As the output voltage decreases below the threshold level corresponding to line 21 in FIG. 5, during the second half of the first half-cycle of the noise signal, the input time constant is switched back to the high value. The waveforms which are recorded between lines 21 and 22 thus faithfully represent the ECG waveforms.

During the second half-cycle of the noise signal, the output voltage exceeds the threshold level corresponding to line 22. At this time, the shorter input time constant is switched back into the circuit once again for attenuating the noise signal. The ECG waveforms which are recorded between line 22 and the lower edge of the paper are of the type shown by the numeral 40 in FIG. 1A. As soon as the total output voltage becomes less than the threshold value corresponding to line 22, the higher input time constant is switched back into the circuit and the ECG waveforms which are recorded correspond to waveform 30 of FIG. 1A.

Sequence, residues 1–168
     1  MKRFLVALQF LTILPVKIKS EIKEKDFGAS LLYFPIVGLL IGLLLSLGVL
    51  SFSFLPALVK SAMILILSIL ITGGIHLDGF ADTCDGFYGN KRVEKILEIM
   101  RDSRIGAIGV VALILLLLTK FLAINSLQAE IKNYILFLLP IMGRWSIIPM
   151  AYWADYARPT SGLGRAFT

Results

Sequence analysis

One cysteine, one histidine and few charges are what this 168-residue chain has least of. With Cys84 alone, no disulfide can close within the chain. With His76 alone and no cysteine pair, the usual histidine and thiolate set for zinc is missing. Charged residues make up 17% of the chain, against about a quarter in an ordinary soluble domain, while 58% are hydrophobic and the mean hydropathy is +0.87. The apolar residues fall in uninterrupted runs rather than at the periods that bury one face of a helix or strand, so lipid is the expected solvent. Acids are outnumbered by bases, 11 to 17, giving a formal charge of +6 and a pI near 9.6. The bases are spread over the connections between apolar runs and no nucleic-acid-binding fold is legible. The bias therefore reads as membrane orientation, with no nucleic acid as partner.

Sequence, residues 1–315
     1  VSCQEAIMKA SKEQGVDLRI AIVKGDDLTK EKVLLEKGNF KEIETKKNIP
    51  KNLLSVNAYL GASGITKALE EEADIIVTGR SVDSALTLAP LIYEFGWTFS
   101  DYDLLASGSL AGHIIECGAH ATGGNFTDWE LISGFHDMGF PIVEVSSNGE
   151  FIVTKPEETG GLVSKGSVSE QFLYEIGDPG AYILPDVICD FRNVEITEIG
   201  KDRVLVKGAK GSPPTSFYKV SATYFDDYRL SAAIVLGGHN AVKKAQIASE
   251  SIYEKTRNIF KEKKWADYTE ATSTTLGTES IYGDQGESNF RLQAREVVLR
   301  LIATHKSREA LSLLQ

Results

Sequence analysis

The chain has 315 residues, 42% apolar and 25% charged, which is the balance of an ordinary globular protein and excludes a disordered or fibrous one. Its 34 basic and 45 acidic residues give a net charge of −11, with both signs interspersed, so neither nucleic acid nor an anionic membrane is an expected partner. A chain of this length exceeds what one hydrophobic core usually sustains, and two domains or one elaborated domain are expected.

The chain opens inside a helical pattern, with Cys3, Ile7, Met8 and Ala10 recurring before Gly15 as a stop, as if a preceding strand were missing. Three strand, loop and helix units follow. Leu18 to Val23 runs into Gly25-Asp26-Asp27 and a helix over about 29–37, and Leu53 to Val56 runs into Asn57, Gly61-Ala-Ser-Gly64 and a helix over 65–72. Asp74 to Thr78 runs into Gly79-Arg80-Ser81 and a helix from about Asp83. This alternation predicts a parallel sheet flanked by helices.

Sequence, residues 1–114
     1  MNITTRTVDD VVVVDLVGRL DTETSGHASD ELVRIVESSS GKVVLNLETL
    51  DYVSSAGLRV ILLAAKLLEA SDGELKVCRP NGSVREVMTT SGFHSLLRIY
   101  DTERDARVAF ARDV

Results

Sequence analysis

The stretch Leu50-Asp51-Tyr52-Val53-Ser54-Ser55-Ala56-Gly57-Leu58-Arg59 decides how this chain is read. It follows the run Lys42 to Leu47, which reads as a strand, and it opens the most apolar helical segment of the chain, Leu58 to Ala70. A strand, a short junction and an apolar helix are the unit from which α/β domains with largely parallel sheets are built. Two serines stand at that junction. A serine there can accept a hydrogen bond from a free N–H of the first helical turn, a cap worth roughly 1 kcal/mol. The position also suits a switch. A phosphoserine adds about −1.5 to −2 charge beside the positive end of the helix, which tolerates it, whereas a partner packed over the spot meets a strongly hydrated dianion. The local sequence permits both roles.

The trace continues in this fashion with all of the ECG waveforms between lines 21 and 22 being recorded with no attenuation of their low frequency components, while all of the ECG waveforms recorded without the bounds of lines 21, 22 are recorded with the loss of low frequency information. Nevertheless, the presence of waveforms 40 on the trace are far better than nothing at all. They still contain a considerable amount of information which can be used to advantage by the cardiologist.